The Biggest War Crimes Trial Since Nuremberg

The biggest war crimes trial since Nuremberg.

Milosevic on trial 
        Click image to expand.
Milosevic on trial

“The prosecution, after three and a half years since the beginning of their case, still doesn’t know what exactly their charges are! … This prosecution will be studied at universities! … [This prosecutor] should be held criminally responsible for deliberate obstruction of truth and deceit!”

“Mr. Milosevic, Mr. Milosevic, you’re getting carried away.”

In a quiet government city on the rainy Dutch coast, the war-crimes trial of Slobodan Milosevic is lumbering through its fourth year. Deposed Balkan strongman Slobodan Milosevic is being tried by the International Criminal Tribunal for the Prosecution of Persons Responsible for Serious Violations of International Humanitarian Law Committed in the Territory of the Former Yugoslavia Since 1991—a name so long that it defies even U.N. bureaucrats’ most earnest efforts to derive a manageable acronym. The officially preferred short version—”International Criminal Tribunal for the former Yugoslavia”—exists solely as a halfway house en route to the trips-lightly-off-the-tongue, just-between-us-pals nickname, “ICTY.” But most people just call it “the Yugoslavia Tribunal.”

What exactly is it? Well, let’s start with what it isn’t. The tribunal is not the World Court, which is more properly known as the International Court of Justice. That’s a century-old international body where disputes between sovereign nations are resolved; at the moment, the ICJ’s docket ranges from a squabble between Malaysia and Singapore about who owns a rocky outcrop in the South China Sea to Congo’s charge that pillaging Ugandan troops have invaded Congolese territory. The tribunal also isn’t the International Criminal Court, which was established by treaty in 1998 as a permanent organization flexible enough to prosecute war crimes from around the world that domestic prosecutors either can’t or won’t tackle themselves. The Yugoslavia Tribunal is much more limited than either of these two legal cousins. An ad hoc creature of the U.N. Security Council, it exists solely for the limited purpose of righting Yugoslavian wrongs and will last only as long as it’s got Yugoslavian business to resolve. It is scheduled to conclude all its business somewhere around 2010, at which time it’s apparently expected to vanish—pfft!—like Keyser Soze.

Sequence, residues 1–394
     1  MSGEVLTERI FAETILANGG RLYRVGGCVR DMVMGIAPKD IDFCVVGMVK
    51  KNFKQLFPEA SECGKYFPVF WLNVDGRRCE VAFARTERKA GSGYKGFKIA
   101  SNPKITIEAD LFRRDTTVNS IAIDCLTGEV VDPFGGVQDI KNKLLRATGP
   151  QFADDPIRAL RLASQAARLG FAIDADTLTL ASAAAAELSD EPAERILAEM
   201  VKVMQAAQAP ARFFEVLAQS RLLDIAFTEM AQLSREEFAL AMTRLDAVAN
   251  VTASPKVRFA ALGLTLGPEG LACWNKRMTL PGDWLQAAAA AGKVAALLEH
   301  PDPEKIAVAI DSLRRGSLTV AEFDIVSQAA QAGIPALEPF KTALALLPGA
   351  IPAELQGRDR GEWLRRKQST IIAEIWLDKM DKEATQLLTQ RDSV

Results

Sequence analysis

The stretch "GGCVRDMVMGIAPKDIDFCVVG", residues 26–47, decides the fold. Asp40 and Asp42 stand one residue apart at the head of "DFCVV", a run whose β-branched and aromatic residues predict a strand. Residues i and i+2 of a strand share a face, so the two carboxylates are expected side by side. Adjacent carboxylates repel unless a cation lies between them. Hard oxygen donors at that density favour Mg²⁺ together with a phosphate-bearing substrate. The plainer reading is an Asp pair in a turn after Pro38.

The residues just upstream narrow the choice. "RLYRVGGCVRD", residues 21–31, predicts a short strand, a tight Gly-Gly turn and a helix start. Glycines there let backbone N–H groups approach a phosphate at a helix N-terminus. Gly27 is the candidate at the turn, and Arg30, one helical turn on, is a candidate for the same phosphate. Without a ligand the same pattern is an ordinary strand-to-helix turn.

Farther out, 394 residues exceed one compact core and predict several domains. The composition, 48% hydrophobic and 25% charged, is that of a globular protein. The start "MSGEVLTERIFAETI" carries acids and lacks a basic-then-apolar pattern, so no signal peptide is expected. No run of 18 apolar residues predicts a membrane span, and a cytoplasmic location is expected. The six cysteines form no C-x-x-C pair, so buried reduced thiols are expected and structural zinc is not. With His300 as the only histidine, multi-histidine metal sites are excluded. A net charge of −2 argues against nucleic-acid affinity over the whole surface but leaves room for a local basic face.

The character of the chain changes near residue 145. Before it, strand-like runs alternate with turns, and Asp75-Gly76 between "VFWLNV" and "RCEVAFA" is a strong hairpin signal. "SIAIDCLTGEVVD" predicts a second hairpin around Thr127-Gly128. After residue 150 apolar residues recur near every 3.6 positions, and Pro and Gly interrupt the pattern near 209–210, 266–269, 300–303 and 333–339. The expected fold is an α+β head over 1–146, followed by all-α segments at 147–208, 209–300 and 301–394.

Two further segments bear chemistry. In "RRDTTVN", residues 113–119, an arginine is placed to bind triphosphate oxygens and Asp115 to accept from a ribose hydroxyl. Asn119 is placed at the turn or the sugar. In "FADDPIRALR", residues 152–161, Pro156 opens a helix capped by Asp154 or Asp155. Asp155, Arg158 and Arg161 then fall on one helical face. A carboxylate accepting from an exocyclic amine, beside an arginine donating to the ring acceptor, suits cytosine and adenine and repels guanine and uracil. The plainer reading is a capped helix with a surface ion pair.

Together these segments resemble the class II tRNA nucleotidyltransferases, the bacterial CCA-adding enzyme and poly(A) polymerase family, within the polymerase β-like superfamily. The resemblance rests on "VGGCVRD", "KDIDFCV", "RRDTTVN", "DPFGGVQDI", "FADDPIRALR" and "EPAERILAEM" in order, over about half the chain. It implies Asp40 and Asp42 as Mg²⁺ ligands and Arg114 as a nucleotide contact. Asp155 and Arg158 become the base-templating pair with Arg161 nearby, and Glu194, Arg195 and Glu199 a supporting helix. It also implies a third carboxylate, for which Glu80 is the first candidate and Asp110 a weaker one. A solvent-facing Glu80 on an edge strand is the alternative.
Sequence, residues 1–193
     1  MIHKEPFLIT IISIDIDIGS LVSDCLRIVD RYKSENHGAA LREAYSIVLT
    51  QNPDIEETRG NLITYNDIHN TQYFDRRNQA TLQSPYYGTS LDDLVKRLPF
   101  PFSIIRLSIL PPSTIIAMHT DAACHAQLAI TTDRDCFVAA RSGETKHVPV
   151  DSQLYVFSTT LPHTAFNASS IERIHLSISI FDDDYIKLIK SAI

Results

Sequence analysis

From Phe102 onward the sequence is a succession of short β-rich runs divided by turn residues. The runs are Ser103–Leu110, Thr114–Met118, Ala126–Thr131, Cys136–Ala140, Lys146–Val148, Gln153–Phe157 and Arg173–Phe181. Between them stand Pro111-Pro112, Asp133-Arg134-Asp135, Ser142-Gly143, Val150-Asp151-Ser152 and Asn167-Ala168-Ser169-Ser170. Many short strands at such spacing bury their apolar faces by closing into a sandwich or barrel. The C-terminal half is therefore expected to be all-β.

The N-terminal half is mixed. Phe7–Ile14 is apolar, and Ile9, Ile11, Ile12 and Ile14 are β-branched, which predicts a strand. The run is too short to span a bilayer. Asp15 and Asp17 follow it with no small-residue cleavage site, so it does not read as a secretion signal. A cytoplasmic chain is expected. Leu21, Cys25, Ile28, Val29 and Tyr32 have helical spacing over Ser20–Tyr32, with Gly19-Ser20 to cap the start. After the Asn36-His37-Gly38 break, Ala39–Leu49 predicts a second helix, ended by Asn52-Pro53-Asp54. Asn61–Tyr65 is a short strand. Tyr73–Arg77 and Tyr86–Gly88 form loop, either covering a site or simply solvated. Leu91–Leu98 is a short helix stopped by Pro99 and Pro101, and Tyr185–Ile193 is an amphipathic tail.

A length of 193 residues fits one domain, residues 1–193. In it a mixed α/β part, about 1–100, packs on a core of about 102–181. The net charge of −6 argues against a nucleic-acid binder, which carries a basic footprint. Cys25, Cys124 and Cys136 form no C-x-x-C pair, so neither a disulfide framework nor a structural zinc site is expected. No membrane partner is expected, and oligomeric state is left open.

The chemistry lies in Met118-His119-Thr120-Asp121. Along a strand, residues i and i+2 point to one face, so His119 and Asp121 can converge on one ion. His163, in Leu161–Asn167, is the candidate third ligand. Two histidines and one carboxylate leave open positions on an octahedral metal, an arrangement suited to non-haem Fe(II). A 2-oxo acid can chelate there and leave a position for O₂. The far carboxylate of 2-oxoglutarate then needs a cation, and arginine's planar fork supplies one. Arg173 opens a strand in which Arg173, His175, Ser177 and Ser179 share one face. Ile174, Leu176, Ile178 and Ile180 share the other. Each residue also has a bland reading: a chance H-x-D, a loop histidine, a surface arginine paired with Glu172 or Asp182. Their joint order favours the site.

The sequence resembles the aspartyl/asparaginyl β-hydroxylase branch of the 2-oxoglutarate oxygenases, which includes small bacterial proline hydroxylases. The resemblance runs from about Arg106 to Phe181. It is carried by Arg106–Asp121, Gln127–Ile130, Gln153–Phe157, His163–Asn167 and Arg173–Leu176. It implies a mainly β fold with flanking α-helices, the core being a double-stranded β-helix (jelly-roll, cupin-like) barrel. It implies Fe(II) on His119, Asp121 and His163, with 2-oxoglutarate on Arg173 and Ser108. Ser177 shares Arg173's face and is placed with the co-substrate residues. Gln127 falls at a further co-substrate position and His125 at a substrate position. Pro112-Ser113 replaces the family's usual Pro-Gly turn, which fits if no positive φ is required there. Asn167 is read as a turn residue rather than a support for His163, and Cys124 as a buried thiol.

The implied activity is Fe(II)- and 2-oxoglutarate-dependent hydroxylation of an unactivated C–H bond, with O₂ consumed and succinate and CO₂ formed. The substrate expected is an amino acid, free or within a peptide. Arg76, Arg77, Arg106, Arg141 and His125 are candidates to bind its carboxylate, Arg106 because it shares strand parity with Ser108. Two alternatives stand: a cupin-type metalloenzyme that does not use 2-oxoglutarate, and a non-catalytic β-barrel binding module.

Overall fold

While each of these international judicial organizations is located in The Hague, there’s no mixing them up in person. The World Court sits in a lovely turn-of-the-century palace built in the city’s historic center with money from Andrew Carnegie. The International Criminal Court is set in the city’s modern outskirts in a sleek and confident skyscraper complex whose clean, soaring lines whisper “to infinity, and beyond.” Then there’s the gray 1950s monstrosity whose awkward triangular structure warehouses the Yugoslavia Tribunal. Originally home to an insurance company, the tribunal building has a grand total of two revolving-door entryways (each allowing only one person through at a time) for its 1,000-odd employees, keycard security points roughly every 100 feet of hallway, and an asbestos problem near the cafeteria. Water cooler scuttlebutt has it that multiple sections of Dutch OSHA regulations are being violated by the sheer number of people stuffed in basement offices without windows or adequate ventilation. And new arrivals leave the mandatory security briefing with the strong impression that in case of fire pretty much most of them will die.